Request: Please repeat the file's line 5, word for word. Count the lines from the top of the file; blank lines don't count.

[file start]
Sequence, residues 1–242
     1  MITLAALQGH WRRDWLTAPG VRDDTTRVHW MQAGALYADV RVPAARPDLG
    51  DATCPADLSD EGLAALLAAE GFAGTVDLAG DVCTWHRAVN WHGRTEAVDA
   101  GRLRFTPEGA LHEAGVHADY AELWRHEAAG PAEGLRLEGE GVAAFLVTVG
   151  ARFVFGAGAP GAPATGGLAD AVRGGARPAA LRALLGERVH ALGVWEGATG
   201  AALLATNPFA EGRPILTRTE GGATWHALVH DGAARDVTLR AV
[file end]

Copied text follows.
   151  ARFVFGAGAP GAPATGGLAD AVRGGARPAA LRALLGERVH ALGVWEGATG